Owners abandon Nova Scotia golf course, return to U.K., volunteers say
Members wait on creditors to determine future of the Annapolis Royal Golf Club
The owners of the 18-hole golf course in Annapolis Royal, N.S., abandoned their business under the cover of darkness last week, and it doesn't look like they're coming back, the volunteer superintendent says.
Sid Young, who mowed the course approximately six hours each day as a volunteer, said owners Harry and Jacqui Shepherd left the property at 3816 Hwy. 1 at some point overnight on Aug. 22 or early morning on Aug. 23.
Hearts bleed for this place right now.- Dale Hoyt
Young assumed they were shopping for supplies in Halifax, but they never returned.
Staff and volunteers at the Annapolis Royal Golf Club & Royal Eatery subsequently received personalized letters which suggested "they weren't coming back," he said.
CBC reached out to the Shepherds to confirm what happened, but didn't receive a response. Their website indicates they moved to Annapolis Royal from northern England in 2005.
Young said he doesn't know whether staff members, who include five full-time and two part-time workers, have been paid what they were owed. He added that volunteers have reached out to creditors in the hopes of saving the club.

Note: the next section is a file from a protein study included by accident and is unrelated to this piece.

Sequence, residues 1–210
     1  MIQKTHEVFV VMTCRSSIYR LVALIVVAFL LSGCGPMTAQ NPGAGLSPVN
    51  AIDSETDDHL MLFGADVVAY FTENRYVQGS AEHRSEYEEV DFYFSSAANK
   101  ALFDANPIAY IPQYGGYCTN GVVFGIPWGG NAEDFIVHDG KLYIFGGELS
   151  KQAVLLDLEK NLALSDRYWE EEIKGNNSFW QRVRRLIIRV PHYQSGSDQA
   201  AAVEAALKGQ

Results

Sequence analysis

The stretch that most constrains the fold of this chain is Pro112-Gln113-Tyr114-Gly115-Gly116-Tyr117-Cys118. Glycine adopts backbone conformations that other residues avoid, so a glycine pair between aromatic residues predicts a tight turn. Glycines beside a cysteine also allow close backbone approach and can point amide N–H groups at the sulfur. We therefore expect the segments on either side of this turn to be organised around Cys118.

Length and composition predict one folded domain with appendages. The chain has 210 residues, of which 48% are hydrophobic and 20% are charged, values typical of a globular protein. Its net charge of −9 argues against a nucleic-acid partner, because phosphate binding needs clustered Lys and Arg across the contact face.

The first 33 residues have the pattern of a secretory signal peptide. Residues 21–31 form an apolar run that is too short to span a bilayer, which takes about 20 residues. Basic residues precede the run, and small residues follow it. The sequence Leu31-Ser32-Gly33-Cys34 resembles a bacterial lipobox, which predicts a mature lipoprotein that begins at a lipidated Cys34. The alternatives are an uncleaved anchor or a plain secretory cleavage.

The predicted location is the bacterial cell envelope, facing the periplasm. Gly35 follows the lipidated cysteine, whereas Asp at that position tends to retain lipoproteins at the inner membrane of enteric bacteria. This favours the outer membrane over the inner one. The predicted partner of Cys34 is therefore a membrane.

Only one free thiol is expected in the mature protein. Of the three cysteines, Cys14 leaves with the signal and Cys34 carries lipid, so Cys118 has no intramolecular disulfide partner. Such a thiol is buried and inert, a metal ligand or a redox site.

'Struggle' for golf courses in recent years
The president of the executive of the Annapolis Royal Golf Club, Dale Hoyt, said the last few years have been a "struggle" for many golf courses in Nova Scotia.
He said many would consider themselves lucky "if they can break even or make $5,000" at the end of the year.
The cost to maintain golf courses is high, Hoyt said, especially during a dry season like the one Nova Scotians experienced last summer.
He said many people have sent letters of support for the club, which has been a "mainstay" in the community since 1924.
"Their hearts bleed for this place right now," Hoyt said.
Overall, industry is healthy
Ed Hanczaryk, a PGA golf coach based in Nova Scotia, said the market for new golf courses in the province is saturated.
"I wouldn't add any more," he said, adding, "we're going to lose a few courses" in the next few years.
Overall, Hanczaryk said he believes the golf industry in Nova Scotia is healthy, especially when it comes to low-end and high-end courses.
Hanczaryk said players like the smaller courses, like Airlane Golf Club near the Halifax Stanfield International Airport, because they are relatively affordable and there are no tee times required.
Nova Scotia has also become a destination for luxury golfers who frequent clubs like Cabot Cliffs in Inverness, he said.
"Larry David comes up, for goodness sake, to play."
With files from the CBC's Information Morning